I intend to lead a truly joyful Shabbat service this evening at Temple Shalom, after we install
our new Board of Trustees following our Annual General Meeting. Tonight, the service will
be all about continuity, passion, and our deep commitment to a great future as a liberal
Jewish congregation.

But at this moment I need to vent a bit about a hateful speech, offered last week by the
graduating class valedictorian at the University of Manitoba Faculty of Medicine

Others have reported and written extensively about this, but my focus is on the profound
lack of humanness in what transpired. This was not a political rally but rather a time of
celebration, when a whole class lovingly elected their valedictorian, who immediately
destroyed his community of the past four years. Medical school is intense, a place of
“brothers/sisters/others in arms.” But in his words and in the reactions of his classmates,
that world was blown up into three parts: those who clapped and cheered, those who were
stuck in the middle – non-Jews – who were completely caught by surprise by what they
were hearing, and those who were the Jewish students, sitting with their families and
friends, stunned into silence.

That class is completely broken now and traumatized. Those Jewish medical students (now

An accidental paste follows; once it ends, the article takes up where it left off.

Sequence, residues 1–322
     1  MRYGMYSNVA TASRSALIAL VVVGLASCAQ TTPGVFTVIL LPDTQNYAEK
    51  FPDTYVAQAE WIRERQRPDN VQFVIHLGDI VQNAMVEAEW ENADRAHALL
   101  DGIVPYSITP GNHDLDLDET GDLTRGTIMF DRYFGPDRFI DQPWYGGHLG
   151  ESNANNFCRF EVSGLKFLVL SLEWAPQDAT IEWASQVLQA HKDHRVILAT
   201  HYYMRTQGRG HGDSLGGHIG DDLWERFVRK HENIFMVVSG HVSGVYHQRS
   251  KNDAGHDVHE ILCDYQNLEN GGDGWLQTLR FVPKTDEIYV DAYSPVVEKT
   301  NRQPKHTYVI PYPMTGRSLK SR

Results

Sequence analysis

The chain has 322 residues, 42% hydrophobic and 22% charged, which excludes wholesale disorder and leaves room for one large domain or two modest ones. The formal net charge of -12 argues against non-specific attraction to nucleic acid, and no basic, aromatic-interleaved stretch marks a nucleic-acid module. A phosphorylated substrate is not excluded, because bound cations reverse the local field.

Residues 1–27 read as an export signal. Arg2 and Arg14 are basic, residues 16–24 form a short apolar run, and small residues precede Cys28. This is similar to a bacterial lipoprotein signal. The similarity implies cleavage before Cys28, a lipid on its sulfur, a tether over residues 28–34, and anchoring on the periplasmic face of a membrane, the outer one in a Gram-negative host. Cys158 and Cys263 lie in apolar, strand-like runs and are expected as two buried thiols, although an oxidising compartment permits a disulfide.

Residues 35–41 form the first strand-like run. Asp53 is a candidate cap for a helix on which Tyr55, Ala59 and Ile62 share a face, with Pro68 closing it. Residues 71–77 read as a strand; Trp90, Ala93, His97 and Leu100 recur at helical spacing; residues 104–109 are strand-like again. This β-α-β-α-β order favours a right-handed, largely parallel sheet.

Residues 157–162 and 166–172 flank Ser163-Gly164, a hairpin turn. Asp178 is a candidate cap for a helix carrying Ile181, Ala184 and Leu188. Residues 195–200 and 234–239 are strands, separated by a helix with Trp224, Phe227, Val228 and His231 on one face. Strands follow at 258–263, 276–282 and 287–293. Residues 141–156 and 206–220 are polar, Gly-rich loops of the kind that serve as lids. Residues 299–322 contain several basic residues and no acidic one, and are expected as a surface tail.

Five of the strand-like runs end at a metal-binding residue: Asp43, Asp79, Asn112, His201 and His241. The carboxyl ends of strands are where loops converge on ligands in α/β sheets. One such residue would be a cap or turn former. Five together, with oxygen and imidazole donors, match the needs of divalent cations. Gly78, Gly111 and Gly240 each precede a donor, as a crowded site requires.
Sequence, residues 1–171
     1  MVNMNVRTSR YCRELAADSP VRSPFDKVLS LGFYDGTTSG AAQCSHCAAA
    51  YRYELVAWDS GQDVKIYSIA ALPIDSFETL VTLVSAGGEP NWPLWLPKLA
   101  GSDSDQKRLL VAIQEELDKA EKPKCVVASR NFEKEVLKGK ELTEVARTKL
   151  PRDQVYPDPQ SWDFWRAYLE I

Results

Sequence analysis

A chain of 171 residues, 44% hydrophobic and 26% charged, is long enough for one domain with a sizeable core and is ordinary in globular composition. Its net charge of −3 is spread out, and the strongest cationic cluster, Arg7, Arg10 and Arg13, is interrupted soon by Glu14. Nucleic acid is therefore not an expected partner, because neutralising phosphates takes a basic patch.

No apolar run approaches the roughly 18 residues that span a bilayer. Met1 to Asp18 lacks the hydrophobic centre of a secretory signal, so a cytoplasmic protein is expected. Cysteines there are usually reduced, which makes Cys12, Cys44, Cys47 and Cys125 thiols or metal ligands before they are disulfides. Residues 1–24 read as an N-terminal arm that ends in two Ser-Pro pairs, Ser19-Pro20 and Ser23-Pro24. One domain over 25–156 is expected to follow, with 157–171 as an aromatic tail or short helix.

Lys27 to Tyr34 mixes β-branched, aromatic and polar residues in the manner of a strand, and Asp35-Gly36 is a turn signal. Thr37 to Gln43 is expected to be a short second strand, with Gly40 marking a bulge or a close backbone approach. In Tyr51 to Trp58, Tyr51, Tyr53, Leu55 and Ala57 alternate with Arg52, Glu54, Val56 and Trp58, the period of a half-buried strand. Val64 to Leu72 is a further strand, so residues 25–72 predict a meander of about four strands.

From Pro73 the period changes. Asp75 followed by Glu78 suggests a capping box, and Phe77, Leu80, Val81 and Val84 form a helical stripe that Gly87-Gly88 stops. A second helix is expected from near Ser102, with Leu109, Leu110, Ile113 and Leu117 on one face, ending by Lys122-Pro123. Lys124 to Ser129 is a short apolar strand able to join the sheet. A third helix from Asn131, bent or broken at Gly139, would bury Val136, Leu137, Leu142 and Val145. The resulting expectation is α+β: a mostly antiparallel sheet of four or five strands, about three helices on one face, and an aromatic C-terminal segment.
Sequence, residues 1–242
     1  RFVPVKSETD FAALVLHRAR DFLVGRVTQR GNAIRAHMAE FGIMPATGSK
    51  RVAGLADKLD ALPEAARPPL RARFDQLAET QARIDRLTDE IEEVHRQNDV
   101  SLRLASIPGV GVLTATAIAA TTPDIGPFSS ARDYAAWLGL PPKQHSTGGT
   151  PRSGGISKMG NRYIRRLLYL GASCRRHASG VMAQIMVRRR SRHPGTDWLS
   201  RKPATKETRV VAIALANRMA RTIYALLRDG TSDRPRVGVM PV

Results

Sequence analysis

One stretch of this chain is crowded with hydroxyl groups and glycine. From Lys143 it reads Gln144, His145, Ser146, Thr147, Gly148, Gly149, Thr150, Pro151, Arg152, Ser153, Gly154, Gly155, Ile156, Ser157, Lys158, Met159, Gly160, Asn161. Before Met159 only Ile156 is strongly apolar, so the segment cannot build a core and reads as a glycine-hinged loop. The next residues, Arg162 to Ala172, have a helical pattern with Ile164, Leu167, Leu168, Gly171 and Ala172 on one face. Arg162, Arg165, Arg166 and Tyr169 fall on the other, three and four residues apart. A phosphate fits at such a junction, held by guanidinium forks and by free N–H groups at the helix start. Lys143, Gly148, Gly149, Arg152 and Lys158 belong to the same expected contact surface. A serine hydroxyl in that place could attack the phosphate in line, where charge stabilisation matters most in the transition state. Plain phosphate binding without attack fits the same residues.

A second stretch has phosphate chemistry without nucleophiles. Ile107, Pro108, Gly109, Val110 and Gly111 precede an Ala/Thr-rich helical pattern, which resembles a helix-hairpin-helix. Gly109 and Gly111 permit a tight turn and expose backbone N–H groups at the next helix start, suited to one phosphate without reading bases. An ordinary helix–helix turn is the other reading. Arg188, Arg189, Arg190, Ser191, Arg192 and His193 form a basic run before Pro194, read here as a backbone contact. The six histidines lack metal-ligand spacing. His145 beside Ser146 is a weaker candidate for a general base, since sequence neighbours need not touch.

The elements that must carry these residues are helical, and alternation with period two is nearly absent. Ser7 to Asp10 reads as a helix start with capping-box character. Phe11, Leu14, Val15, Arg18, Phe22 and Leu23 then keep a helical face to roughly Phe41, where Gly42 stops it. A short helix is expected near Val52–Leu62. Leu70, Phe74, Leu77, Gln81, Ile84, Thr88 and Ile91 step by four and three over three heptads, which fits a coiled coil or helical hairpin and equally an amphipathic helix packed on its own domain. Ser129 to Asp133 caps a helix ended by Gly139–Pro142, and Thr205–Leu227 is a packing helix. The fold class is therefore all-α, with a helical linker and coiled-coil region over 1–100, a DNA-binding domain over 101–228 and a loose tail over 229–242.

doctors) and their families did not attend the evening festivities that followed, and I wonder
how that felt to those who did.
I can talk about “shameful” and other similar ideas, but the reality is that those words
cannot be taken back, nor can the joy of that evening be restored. It is why in Judaism
“lashon ha’ra” (bad language, or evil tongue) is considered to be like a murder – character
assassination in this case. Words can hurt and destroy, and they ripple onward and
One of the most cherished human attributes is empathy, possibly followed closely by trust.
And that is why I am venting. These are doctors I am describing, and aren’t these the very
values that we hope would be central to what it is to be a doctor, those whom we ask to
tend to our physical, emotional and spiritual health?

I hope that those who spoke and those who cheered and clapped – will one day soon
understand what they did, whom they hurt, and find a way to repair the harm they caused.
Shabbat shalom,
Rabbi Allan